New rules will support better drone risk management, IUA says

New safety measures for drone operators, including registration requirements and the introduction of an online test, have been welcomed by the International Underwriting Association, which has long campaigned for change in UAV regulation.

The new legislation came into effect on 30th November. Three days before that date, the Civil Aviation Authority said that over 40,000 had complied, but that tens of thousands of users had yet to register. And now, those that fail to provide proof of registration when asked by the police will be subject to a £1,000 fine.

Pilot registration was one of a number of recommendations published in a report by Parliament’s Science and Technology Committee and backed by the IUA. These included a recommendation that the government should complete an assessment of the risk drones pose to manned commercial aircraft and publish the results by the end of 2020. The Committee also urged legal clarification of privacy issues surrounding the use of drones, which it says may increase with future improvements in technology.

Director of legal and market services at the IUA, Chris Jones said scrutiny of operators must match the severity of the risk.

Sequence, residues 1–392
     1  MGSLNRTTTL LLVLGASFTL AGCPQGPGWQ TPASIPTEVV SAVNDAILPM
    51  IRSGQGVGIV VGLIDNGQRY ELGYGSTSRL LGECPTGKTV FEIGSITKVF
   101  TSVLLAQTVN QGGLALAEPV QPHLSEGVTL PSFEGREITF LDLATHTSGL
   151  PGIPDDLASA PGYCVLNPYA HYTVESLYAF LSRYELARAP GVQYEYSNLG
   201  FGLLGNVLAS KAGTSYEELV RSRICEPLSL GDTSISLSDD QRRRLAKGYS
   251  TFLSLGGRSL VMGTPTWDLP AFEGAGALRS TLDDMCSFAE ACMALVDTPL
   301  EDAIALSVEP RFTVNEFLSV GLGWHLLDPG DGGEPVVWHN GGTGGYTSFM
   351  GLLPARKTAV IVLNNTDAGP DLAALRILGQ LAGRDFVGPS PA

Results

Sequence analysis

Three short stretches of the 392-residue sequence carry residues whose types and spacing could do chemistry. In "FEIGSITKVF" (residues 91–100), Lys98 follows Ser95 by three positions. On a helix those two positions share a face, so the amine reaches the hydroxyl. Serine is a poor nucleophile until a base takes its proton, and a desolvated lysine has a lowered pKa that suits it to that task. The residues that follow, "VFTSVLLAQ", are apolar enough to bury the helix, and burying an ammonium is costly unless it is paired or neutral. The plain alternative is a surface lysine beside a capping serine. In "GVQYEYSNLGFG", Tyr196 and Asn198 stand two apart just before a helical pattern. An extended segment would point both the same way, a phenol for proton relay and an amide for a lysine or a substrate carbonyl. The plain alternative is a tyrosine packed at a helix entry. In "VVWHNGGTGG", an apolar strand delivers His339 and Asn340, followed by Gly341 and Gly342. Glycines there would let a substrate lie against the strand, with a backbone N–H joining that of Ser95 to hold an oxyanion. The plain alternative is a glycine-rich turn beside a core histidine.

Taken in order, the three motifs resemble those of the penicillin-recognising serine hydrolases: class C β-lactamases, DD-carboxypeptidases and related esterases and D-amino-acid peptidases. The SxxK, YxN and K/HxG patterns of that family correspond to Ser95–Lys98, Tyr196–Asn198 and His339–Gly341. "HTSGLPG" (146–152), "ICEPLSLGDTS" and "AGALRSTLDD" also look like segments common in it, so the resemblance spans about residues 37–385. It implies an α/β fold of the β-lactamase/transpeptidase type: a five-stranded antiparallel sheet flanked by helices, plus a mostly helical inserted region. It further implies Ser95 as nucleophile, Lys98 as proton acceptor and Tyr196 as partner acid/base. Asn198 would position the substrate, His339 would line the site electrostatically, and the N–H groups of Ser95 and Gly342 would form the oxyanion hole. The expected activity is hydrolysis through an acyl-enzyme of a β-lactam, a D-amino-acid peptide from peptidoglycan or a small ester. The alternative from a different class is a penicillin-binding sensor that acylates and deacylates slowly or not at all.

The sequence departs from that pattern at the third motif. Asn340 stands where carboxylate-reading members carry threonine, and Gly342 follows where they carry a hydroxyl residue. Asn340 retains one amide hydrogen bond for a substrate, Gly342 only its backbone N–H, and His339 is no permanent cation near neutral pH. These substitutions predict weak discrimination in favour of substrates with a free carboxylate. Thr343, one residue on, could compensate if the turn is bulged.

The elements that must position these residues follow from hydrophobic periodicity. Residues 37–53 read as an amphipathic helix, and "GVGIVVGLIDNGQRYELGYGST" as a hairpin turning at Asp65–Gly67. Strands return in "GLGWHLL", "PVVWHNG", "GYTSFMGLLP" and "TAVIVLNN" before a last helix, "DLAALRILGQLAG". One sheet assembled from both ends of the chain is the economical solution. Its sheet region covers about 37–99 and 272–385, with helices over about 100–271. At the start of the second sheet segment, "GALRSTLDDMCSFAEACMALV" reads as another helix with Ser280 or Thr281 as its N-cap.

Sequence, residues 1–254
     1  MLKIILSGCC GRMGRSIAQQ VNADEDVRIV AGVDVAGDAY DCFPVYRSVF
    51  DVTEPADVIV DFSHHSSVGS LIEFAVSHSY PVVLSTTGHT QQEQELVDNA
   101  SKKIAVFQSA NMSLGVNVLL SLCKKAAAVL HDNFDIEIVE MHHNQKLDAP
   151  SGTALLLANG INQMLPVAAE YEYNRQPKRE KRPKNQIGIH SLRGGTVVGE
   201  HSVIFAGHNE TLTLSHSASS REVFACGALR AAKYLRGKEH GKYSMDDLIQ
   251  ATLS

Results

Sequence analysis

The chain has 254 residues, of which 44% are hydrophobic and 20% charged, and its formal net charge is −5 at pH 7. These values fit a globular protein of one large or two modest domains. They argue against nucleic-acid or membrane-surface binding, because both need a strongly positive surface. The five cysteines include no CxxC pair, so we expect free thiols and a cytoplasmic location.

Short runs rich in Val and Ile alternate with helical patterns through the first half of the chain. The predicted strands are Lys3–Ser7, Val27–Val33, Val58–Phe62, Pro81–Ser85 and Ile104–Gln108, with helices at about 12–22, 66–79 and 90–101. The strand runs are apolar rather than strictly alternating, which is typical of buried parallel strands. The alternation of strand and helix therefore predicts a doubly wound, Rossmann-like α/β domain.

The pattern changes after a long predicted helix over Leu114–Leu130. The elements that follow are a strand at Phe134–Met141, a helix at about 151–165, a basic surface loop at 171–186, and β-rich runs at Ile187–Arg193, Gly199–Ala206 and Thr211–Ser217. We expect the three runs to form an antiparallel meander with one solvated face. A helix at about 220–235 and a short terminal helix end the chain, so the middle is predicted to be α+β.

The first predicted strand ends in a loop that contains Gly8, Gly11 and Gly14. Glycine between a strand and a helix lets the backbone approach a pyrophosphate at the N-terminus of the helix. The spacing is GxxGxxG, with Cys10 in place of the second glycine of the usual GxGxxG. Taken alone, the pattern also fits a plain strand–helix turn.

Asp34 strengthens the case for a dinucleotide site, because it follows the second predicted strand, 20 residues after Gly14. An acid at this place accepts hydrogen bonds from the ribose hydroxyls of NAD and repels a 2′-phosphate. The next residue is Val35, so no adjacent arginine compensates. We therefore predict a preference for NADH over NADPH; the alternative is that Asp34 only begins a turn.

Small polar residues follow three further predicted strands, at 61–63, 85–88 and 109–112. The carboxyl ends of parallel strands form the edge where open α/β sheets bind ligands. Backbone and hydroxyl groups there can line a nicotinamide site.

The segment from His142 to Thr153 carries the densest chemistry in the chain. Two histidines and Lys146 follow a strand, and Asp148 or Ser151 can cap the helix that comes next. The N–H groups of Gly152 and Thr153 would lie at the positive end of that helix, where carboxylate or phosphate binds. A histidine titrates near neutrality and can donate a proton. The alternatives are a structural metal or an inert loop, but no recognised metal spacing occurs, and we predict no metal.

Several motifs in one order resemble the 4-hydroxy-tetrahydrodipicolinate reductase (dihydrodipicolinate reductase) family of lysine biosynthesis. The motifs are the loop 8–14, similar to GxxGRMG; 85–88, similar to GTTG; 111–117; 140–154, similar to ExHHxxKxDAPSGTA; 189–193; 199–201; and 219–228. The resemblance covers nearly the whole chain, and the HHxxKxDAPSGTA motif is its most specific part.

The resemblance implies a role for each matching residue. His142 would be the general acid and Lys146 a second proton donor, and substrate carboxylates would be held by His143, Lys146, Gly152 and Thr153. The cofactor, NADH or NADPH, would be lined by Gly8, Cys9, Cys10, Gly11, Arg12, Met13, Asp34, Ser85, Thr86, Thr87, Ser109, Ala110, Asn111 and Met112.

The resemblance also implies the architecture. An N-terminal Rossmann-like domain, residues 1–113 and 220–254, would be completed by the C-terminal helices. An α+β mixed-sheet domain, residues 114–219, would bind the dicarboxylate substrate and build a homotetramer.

“Commercial drone pilots have been coming under increasingly strict scrutiny for some time now. It is important that appropriate checks are in place for all operators given the potentially significant risks to property and public safety.

“Insurers are well prepared for the part they can play in supporting the safe use of drones in UK airspace and users should carefully consider the support that insurance cover can provide in managing liabilities.”

IUA members have formed a Developing Technology Monitoring Group which harnesses expertise from across a number of traditional insurance classes to assess new technologies. The group has provided insurance expertise to the Department for Transport ahead of amendments to an Air Navigation Order on the safe use of drones in the UK. It has also published research addressing the capabilities of counter-drone technology and the growing use of on-demand insurance for drone operators.

Jones added: “Aviation drones offer exciting opportunities in many different areas across the UK economy and society as a whole. If their benefits are to be maximised, insurance will need to be part of a well-structured supervisory framework that priorities safety.”

Estimates suggest that there are around 90,000 drone users in the UK.

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